- Benjy Davis Project, Taylor Brown and Co., Jonathan Sexton (8 p.m. Sept. 23 at The Square Room in downtown Knoxville; $10 adv/$12 door)
- Mindy Smith (8 p.m. Sept. 30 at The Square Room; $12.50 adv/$15 door)
- GWAR, Mobile Death Camp, Infernaeon, The Casualties (7:30 p.m. Oct. 5 at The Valarium in Knoxville; $19 adv/$22 door)
- Robert Randolph and The Family Band, Hill Country Revue (9 p.m. Oct. 13 at The Valarium; $22 adv/$25 door)
- Will Hoge (9 p.m. Oct. 13 at The Square Room; $12.50 adv/$15 door)
- The Temptations, The Four Tops (8 p.m. Oct. 14 at The Tennessee Theatre in downtown Knoxville; $55 and $70)
- Corey Smith (9 p.m. Oct. 14 at The Valarium; $18 adv/$20 door)
- 311 (8 p.m. Oct. 26 at The Tennessee Theatre; $41.50)
- Punch Brothers feat. Chris Thile (8 p.m. Nov. 3 at The Bijou Theatre in downtown Knoxville; $19.50)
- Reverend Horton Heat, Legendary Shack*Shakers, Split Lip Rayfield (8 p.m. Nov. 17 at The Valarium; $20 adv/$22 door)
Doubtless they enjoyed the show. Doubtful, however, did any of them get to hang out with both bands afterward. Except for one man — one Mr. Wil Wright of the Knoxville indie power-pop ensemble known as Senryu.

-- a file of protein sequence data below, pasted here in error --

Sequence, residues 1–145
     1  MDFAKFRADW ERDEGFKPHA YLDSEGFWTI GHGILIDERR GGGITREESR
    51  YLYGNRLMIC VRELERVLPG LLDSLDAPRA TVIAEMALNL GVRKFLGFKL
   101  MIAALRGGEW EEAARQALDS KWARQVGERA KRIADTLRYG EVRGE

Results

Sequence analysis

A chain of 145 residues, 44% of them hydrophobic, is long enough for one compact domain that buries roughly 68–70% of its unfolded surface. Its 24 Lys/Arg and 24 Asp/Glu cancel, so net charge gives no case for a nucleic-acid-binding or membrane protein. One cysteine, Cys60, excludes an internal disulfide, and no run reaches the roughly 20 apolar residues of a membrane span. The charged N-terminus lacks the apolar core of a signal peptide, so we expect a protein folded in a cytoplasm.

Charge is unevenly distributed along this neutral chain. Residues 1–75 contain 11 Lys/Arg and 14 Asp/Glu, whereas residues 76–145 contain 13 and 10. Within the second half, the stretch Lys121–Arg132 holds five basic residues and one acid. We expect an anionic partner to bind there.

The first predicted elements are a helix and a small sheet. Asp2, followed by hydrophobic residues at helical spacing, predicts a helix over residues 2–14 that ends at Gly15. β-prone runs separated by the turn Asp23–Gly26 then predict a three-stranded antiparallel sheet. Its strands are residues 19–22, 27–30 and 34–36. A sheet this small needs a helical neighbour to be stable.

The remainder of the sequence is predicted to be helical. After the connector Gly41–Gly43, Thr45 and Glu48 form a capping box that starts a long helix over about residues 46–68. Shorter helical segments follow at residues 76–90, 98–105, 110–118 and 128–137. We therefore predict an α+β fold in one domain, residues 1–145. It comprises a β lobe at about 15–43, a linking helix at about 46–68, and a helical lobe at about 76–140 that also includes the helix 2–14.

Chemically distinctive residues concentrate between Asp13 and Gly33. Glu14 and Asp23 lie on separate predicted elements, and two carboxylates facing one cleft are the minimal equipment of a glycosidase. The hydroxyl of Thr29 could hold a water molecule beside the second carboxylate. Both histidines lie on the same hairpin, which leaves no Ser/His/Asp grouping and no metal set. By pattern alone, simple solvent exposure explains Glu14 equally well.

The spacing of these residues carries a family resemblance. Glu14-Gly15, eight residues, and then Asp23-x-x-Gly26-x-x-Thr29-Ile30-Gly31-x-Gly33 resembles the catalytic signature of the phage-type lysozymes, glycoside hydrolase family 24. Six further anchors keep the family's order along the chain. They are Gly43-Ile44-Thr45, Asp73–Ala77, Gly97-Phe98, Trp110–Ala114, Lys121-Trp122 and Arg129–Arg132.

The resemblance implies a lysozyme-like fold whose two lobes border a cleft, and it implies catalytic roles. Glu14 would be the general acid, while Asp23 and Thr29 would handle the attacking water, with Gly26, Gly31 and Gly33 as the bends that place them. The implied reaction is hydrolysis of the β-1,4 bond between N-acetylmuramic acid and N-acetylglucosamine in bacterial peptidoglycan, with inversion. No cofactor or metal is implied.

We’ve written multiple times about Senryu and the apparent bottomless well of talent Wil possesses — most recently in March — but he’s also the recipient of some boundless good fortune. Even he admits that finding himself post-show hanging with three-quarters of Spoon, all of Arcade Fire, his own publicist and Bryan Poole of the indie band Of Montreal.
“The idea was really just to go down and hang out with Eric (Harvey, multi-instrumentalist for Spoon whom Wright met when the two played in the North Carolina indie ensemble Physics of Meaning),” Wright told me today. “He’d gotten in touch with me and said to come on down to Atlanta, and I got to meet (Arcade Fire singer) Win Butler before the show.
“Afterward, though, everybody was excited because ‘The Suburbs’ had just gone No. 1. Everybody was drinking champagne, and Arcade Fire travels with a ping-pong table, so it was very ping-pong-centric. To meet heroes like that, and to meet them on such a big day for them and just get to blend in … it was surreal. I’ll remember it forever.”
Such is the life of the frontman of Senryu, but know this — every accomplishment, every stroke of good fortune has been earned through hard work. Example — on the heels of releasing the full-length “Inkling” in March, the band already has two EPs ready to go. Both will be celebrated on Saturday at a show with Teenage Love13 at The Longbranch Saloon, 1848 Cumberland Ave. (”The Strip”) in Knoxville.
By most standards, Senryu’s output is mind-blowing, especially considering Wright is already working on an album of remixes and B-sides for a fall release. To him, it’s just what he does — his best.